The self archiving log structured volume moves inactive segments of the log to a backing storage. When migrating to the backing storage, this volume may reduce the size of the log by ignoring earlier versions of a duplicated block within the segment. This action reduces the time granularity of the archived portions, but does not affect its consistency as long as segments are archived on synch event boundaries. Because synch events are captured in the log, the self archiving log structured volume may move the segments without the knowledge of the storage application that owns the volume and still maintain the integrity of the storage application.

Because of the reconstruction length guarantee and the means for implementing the guarantee, the stream of log entries in a self archiving log structured volume forms a sequence of snapshots of the state of the volume. A snapshot of a self archiving log structured volume is reconstructed the same way as for an ordinary log structured volume, except that the scan terminates when it exceeds the reconstruction length from the selected point in the log. A snapshot may start at any log entry. A consistent snapshot must start with a synch entry.

A snapshot sequence of a self archiving log structured volume is constructed for an interval (TN) from the beginning time (TB) to the ending time (TE) by adding to a snapshot of time TE all of the log entries occurring between TE and TB. To move forward in time from TB to an intermediate time (TI) the index is rebuilt by scanning the log forward in time from TB to TI, replacing any index entries that have been superceded. To move backwards in time from TI to TB, the log is scanned backward from TI to TB, replacing any index entries for blocks which were written earlier.

A recovery volume is an area of primary storage upon which a snapshot or snapshot sequence has been copied, consisting of a log and an index organized similarly as a self archiving log structured volume. To a storage application, a recovery volume is indistinguishable from the original volume of which it is an archival copy.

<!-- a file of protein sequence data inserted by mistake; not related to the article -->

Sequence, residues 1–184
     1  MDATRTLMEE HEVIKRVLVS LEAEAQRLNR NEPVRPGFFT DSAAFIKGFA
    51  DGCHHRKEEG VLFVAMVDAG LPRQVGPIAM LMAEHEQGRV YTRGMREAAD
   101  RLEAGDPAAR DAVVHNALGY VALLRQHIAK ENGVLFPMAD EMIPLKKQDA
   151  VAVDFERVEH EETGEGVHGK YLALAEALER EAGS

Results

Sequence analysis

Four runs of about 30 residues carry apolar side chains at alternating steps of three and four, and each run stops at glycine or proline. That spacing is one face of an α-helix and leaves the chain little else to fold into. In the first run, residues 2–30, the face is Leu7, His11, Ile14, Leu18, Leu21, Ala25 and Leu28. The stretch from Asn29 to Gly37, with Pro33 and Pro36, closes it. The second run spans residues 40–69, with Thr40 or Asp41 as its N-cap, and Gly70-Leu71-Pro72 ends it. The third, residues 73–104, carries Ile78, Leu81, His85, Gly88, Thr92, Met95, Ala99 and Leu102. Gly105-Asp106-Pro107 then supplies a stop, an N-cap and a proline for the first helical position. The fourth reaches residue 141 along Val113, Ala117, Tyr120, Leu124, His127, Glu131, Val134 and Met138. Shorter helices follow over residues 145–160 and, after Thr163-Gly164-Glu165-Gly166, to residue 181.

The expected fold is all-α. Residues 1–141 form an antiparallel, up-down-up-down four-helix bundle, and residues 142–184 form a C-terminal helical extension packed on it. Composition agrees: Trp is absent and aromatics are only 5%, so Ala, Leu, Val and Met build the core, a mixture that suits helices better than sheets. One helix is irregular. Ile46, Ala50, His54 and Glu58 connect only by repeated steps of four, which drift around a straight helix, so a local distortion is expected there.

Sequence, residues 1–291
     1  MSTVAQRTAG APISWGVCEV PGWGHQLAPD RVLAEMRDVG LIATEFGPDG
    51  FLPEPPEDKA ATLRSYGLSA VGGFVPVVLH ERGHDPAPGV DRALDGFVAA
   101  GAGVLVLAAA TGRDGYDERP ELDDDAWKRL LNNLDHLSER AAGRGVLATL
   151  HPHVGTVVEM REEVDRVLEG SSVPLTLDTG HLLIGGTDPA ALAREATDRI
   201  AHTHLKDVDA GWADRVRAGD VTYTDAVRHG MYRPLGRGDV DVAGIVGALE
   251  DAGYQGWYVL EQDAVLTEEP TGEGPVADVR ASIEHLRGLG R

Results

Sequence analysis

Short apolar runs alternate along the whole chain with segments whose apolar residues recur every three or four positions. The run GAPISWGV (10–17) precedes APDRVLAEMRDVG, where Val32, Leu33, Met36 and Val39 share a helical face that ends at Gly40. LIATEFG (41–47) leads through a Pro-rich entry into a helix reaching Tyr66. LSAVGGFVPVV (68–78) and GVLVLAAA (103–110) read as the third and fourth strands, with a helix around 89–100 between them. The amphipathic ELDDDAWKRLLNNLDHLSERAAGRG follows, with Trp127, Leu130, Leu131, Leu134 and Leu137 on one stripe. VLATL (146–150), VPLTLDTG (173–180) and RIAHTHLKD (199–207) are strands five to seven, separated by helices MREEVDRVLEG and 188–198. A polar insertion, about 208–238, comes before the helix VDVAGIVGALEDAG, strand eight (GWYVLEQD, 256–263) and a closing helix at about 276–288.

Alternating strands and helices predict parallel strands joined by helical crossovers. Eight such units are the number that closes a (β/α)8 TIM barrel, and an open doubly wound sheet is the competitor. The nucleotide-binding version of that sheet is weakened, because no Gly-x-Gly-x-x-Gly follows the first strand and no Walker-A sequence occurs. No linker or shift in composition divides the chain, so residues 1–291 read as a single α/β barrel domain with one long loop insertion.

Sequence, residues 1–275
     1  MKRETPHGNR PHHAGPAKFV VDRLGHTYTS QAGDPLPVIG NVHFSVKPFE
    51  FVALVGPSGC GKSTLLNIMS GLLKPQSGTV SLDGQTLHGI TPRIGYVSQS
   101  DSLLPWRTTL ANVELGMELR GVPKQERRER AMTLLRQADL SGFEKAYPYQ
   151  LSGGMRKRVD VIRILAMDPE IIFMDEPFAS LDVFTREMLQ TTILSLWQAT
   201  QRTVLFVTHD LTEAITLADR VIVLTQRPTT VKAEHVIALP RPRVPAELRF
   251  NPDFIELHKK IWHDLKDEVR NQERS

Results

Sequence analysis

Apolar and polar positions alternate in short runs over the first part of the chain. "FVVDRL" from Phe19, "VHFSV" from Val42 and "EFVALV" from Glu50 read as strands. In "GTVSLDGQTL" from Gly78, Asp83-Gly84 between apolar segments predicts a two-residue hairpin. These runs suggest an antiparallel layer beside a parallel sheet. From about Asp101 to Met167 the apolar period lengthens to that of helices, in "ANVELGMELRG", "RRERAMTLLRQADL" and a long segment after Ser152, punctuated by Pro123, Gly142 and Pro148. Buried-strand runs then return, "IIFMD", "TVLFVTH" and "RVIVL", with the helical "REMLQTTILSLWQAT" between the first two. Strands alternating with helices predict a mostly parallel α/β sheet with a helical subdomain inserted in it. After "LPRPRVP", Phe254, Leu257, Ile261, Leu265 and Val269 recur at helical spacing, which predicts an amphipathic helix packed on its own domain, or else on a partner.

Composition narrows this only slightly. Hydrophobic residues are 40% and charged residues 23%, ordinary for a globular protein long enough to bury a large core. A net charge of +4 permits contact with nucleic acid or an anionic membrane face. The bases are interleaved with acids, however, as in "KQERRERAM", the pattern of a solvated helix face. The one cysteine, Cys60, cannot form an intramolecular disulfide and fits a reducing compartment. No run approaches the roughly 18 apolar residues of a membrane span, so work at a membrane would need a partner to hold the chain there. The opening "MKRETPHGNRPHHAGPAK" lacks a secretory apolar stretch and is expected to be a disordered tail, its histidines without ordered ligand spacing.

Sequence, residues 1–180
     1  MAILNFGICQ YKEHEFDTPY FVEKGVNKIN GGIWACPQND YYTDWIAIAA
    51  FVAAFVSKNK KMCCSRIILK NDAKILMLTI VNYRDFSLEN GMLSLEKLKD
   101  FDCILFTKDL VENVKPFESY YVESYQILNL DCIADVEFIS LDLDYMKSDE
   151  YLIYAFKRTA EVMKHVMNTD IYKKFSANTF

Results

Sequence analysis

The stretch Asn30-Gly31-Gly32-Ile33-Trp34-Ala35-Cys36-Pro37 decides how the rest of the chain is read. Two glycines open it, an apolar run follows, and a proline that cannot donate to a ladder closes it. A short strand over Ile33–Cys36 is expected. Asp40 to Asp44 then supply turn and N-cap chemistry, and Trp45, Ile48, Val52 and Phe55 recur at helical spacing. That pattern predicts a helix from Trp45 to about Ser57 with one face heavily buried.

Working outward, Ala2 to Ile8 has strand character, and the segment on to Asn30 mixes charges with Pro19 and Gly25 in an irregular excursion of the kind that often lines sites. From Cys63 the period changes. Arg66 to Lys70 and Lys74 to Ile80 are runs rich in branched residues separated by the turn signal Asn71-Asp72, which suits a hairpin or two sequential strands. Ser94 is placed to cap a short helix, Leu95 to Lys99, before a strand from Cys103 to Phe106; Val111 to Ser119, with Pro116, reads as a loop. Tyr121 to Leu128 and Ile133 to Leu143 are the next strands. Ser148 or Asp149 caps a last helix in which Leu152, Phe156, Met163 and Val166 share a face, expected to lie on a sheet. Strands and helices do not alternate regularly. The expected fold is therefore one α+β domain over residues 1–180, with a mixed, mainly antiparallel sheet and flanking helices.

Further, in carrying out the above object and other objects, the present invention provides a data backup system for use with a server running a storage application that writes and read data blocks to and from a volume. The data backup system includes the self archiving log structured volume, primary storage, backing storage, a method for creating recovery volumes by copying snapshots and snapshot sequences from the log (whether from primary storage, backing storage, or both) to primary storage, and a method for manipulating the index of a recovery volume containing a snapshot sequence so as to move the view of the recovery volume apparent to the storage application forward and backward in time.

In summary, the self archiving log structured volume is operable to migrate inactive segments of the log to the backing storage. The self archiving log structured volume is operable to ensure that a volume can be reconstructed from a fixed number of log segments. The archiving process is asynchronous and concurrent with the normal operation of any storage application using the self archiving log structured volume as a data store.

The advantages of the present invention are numerous. Data is protected soon after it is written and all versions of a data object are recoverable. Further, data protection does not depend on operator action and data recovery is fast, easy, and reliable. Also, operations for protecting data do not contend with applications for time or resources.

The above object and other objects, features, and advantages of the present invention are readily apparent from the following detailed description of the best mode for carrying out the present invention when taken in connection with the accompanying drawings.

BRIEF DESCRIPTION OF THE DRAWINGS

FIG. 1 illustrates a block diagram of a self protecting data backup system in accordance with the present invention;